This is the story of a simple man. Young and unassuming. He believes in every one of us. He is police lieutenant Pharaon De Winter. This is the story of his naïve existence. A sober and humble man burdened with the wrongdoing of others. He suffers endlessly from this empathy…
Pharaon’s work on a sordid investigation slowly divulges his despair and the dread of his own guilt. A universal guilt, that of our very own monstrous nature. This is his sacrifice. –Cannes Film Festival
Bruno Dumont is a filmmaker whose use of celluloid is a direct result of his intense desire to understand and make sense of the world around him. His downbeat dramas may not appeal to those who see only the negative in a cinematic world of stark reality, but viewers with the ability to see a glimmer of light in the darkness will surely connect with his sometimes bleak cinematic endeavors. A former philosophy professor who has turned his mind toward crafting confrontational films in which no aspect of modern society is out of bounds, Dumont has claimed that his films are the result of a noted effort to bring film back to the body in hopes of stirring the viewer’s emotions. His 1997 debut, The Life of Jesus, was not a literal retelling of the events of the life of the biblical Jesus, but a socially critical look at life in Northern France. Acclaimed worldwide for its affecting portrayal of bored street youth, the film opened many doors for the director, and it wasn’t long before… read more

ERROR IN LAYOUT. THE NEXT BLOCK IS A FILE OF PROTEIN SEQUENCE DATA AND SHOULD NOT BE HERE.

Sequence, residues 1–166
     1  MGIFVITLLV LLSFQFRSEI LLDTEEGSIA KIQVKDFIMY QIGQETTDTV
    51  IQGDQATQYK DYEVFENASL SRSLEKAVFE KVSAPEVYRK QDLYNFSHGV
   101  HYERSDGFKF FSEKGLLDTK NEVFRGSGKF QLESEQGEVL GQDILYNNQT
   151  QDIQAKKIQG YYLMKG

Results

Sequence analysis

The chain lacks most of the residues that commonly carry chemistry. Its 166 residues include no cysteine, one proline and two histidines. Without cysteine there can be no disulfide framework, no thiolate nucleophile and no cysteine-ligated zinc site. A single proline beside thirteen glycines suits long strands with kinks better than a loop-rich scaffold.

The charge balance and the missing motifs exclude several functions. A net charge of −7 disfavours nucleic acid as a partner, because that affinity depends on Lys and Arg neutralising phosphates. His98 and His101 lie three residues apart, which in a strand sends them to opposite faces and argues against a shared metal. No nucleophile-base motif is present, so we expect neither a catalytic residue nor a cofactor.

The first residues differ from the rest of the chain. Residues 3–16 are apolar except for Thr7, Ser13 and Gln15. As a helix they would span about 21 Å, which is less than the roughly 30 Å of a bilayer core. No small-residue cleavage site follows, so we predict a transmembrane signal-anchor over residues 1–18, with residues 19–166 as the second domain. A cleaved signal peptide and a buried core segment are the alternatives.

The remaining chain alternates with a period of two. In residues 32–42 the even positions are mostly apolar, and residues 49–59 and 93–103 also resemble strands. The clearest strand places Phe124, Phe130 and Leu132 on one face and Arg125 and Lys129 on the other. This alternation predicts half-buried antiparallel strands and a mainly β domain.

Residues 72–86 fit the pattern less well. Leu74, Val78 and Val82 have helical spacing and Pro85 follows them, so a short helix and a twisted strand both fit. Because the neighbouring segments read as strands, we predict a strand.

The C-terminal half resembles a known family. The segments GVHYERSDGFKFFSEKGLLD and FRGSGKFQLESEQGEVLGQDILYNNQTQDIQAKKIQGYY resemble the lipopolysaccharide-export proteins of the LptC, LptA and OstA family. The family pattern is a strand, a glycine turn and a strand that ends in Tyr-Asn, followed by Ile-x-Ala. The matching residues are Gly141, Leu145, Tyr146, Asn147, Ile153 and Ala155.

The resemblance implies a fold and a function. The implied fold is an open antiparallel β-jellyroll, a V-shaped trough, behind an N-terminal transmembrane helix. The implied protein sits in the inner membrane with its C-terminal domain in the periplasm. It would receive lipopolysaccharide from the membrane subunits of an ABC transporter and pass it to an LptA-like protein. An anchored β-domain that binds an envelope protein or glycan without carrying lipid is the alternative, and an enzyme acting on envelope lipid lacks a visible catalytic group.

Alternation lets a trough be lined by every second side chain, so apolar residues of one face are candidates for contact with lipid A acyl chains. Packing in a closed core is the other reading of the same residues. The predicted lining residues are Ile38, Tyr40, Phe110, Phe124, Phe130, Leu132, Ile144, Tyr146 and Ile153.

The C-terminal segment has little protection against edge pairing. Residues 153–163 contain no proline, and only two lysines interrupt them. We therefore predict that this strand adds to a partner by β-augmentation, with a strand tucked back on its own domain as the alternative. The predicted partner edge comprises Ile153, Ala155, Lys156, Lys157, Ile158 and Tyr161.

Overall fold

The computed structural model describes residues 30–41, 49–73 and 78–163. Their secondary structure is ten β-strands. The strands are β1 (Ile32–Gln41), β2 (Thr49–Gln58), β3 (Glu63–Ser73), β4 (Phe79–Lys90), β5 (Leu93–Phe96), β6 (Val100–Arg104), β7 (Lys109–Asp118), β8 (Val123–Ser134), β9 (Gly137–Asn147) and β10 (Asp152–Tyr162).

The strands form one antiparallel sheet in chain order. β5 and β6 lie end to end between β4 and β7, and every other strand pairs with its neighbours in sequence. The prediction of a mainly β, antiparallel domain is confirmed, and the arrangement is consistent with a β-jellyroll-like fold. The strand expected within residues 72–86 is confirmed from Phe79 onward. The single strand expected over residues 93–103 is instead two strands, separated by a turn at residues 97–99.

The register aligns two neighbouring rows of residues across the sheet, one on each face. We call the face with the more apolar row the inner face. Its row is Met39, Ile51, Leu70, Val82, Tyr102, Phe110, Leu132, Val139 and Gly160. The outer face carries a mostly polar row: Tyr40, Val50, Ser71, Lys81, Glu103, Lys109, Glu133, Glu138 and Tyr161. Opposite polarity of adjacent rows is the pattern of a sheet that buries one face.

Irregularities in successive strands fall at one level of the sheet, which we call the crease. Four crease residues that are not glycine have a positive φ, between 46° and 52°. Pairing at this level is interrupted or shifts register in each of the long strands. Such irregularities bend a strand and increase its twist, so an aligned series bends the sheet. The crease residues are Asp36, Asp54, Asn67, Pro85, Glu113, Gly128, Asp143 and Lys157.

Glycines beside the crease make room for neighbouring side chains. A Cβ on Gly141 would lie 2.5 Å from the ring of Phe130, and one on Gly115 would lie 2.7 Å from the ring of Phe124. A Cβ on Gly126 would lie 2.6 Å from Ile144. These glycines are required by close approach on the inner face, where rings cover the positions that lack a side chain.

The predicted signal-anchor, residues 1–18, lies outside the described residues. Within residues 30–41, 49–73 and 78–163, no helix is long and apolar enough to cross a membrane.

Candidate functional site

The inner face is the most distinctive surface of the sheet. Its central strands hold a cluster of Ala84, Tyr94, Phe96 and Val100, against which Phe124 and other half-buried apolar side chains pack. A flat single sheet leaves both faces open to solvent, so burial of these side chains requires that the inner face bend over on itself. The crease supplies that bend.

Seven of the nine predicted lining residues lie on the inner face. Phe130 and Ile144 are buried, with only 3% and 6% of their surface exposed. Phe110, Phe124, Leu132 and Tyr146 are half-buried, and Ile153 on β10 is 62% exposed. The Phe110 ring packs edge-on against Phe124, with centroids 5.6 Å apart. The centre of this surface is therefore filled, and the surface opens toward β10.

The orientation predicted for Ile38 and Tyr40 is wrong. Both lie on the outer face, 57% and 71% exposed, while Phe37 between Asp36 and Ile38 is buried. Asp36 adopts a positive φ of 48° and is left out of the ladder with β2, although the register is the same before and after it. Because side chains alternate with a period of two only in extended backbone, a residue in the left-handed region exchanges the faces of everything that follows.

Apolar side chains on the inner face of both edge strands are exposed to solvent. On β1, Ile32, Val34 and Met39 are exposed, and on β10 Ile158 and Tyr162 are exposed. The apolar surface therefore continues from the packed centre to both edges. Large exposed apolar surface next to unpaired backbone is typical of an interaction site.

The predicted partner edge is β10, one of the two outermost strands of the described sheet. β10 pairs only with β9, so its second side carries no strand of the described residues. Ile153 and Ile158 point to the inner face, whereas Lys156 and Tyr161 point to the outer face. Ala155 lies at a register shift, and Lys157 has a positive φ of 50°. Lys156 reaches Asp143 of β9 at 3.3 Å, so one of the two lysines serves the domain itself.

There is a kind of bombast in Dumont's work that cannot be gainsaid by its dialectical concern -- in Humanite, at least -- with open, empty spaces, abysmal, blank-as-your-life stares, and narrative energies gone slack. Coming in somewhere between the "sado-modernism" of Seidl and Haneke and the tragic humanism of the Dardennes, Dumont has yet to achieve a synthesis of substance and style of comparable power. Still: dead spooky.
It's a very naturalistic film in its treatment to ambiance. It evokes a poet in you while at the same time the the nihilistic and sexually-knit mystery renders a brilliant contrast to the overall motif of the film. Certain parts assume a subtle parodic air. A fine watch.